true Reason, Want of Money, could have justified the
Defect in the Number of our Forces. Tis That His Majesty
is providing for against the next Spring; having given out
Orders for the raising Seven or Eight Regiments more
of Foot, under the Command of Persons of the greatest
Fortunes and Quality: And I am earnestly to recommend
unto you, that in your Supply you will take into your
Consideration this necessary Addition of Charge.
And, after His Majesty's Conclusion of His Speech, let
me conclude; nay, let us All conclude, with blessing God
and the King: Let us bless God, that he hath given us
Such a King, to be the Repairer of our Breaches, both in
Church and State, and the Restorer of our Paths to dwell
in: That in the Midst of War and Misery, which rages in
our neighbour Countries, our Garners are full, and there
is no Complaining in our Streets; and a Man can hardly
know there is a War. Let us bless God, that hath given
This King signally the Hearts of His People; and most
particularly of This Parliament, who, in their Affection
and Loyalty to their Prince, have exceeded all their Predecessors: A Parliament, with whom the King hath many
Years lived, with all the Caresses of a happy Marriage.
Has the King had a Concern? You have wedded it: Has
His Majesty wanted Supplies ? You have readily, chearfully, and fully provided for them: You have relied upon
the Wisdom and Conduct of His Majesty, in all His Affairs.
So that you have never attempted to exceed Your Bounds,
or to impose upon Him: Whilst the King, on the other
hand, hath made Your Councils the Foundations of all His
Proceedings; and hath been so tender of you, that He
hath, upon his own Revenue and Credit, endeavoured to
support even foreign Wars, that He might be least uneasy to you, or burdensome to His People. And let me say,
that though this Marriage be according to Moses's Law,
where the Husband can give a Bill of Divorce, put her
away, and take another; yet I can assure you, it is as
impossible for the King to part with This Parliament, as
it is for you to depart with your Loyalty, Affection, and
dutiful Behaviour you have hitherto shewed towards Him.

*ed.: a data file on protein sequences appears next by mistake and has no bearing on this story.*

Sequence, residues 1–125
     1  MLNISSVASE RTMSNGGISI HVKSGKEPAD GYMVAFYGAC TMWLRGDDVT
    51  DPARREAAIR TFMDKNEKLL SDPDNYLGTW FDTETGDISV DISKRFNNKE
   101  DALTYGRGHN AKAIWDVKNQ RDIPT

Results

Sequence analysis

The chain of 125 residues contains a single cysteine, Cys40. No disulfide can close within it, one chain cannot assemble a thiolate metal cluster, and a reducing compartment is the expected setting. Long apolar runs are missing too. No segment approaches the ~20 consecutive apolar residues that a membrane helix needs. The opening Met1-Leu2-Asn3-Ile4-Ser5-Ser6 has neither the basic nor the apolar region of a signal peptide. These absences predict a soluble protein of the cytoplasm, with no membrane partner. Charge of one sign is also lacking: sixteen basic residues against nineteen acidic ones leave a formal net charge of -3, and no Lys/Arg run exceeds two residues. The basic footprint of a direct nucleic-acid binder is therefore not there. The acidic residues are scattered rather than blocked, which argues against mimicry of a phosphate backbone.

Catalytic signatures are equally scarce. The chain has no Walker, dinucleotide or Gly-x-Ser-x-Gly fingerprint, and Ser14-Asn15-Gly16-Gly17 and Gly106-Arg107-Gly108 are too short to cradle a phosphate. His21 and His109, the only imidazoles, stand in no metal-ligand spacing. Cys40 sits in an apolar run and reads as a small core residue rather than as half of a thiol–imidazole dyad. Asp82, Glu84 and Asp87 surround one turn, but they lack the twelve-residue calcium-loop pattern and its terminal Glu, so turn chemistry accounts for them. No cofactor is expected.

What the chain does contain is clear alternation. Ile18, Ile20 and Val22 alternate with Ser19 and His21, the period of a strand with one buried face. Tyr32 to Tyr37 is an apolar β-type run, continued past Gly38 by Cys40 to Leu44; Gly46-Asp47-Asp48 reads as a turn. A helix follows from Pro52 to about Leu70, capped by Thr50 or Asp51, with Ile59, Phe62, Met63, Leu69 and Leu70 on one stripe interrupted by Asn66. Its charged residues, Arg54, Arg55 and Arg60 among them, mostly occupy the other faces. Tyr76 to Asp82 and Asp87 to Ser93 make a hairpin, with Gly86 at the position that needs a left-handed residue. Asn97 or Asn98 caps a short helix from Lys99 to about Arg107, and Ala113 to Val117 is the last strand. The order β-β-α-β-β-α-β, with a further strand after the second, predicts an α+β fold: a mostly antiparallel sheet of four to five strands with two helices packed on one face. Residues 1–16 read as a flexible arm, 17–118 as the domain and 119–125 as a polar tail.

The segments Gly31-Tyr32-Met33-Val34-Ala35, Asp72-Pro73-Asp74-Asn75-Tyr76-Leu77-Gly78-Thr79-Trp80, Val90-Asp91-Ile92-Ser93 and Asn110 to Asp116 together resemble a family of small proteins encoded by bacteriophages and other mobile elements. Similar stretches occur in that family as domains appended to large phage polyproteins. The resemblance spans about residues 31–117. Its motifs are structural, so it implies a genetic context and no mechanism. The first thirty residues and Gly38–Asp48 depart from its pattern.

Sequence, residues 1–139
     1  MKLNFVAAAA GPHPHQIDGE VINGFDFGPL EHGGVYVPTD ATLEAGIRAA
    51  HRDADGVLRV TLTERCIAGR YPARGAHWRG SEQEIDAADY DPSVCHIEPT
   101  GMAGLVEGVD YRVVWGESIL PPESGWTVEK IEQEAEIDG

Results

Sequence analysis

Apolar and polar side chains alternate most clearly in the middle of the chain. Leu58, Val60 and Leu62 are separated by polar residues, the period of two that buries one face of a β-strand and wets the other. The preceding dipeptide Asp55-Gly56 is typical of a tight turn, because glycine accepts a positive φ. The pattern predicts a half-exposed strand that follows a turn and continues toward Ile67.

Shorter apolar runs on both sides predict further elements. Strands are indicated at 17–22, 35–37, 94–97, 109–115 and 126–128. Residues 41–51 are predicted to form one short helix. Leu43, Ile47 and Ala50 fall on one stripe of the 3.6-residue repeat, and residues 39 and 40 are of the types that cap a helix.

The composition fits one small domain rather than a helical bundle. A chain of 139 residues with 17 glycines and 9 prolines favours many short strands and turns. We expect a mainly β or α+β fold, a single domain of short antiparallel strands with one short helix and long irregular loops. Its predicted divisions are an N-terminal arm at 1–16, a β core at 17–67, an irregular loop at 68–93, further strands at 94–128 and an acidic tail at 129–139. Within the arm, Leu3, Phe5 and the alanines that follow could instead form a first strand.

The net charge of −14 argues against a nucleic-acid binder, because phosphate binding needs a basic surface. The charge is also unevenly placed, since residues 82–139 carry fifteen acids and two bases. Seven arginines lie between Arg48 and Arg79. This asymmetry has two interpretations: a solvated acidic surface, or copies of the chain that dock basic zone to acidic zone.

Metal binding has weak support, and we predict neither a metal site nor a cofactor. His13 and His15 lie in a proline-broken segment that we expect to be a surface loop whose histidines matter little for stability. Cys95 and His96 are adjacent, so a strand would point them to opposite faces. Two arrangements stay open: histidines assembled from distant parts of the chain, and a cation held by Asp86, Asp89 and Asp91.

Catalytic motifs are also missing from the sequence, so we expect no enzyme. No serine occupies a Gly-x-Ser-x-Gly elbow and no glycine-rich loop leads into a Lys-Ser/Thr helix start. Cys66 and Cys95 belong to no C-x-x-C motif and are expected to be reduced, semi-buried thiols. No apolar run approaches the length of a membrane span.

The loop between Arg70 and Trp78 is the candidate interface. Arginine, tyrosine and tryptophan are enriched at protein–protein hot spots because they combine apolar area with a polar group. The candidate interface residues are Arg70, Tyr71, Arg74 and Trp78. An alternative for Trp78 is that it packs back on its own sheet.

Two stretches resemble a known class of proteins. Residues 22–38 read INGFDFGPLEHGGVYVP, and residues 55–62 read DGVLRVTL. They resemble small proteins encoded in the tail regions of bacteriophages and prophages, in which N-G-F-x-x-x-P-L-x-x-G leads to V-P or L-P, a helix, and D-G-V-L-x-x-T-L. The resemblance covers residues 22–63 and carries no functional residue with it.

Let us bless the King, for taking away all our Fears,
and leaving no Room for Jealousies; for those Assurances
and Promises He hath made us. Let us bless God and the
King, That our Religion is safe, That the Church of
England is the Care of our Prince, That Parliaments are
safe, That our Properties and Liberties are safe. What
more hath a good Englishman to ask, but that This King
may long reign; and that this Triple Alliance of King,
Parliament, and People, may never be dissolved?
Abuses in Elections.
A Bill for punishing Disorders committed in Elections
to Parliament, was read the First time.
Irregular Writs issued and Returns made in Recess.
Resolved, &c. That the Matter concerning the Electing and Returning of Persons to serve in Parliament,
since the last Session, be taken into Consideration, the
first Business To-morrow Morning, at Nine of the Clock:
And that the Persons so returned do forbear Sitting, till
this Matter be determined: And that no other Business
Thanks for Speech.
Ordered, That such Members of this House as are of his
Majesty's Privy Council, be desired to return the humble
and hearty Thanks of this House, to his Majesty for his
gracious Speech: And to acquaint his Majesty, That this
House will take the Matter of his Majesty's Speech into
further Consideration, on Friday Morning next.
And then the House adjourned till To-morrow
Morning, Nine of the Clock.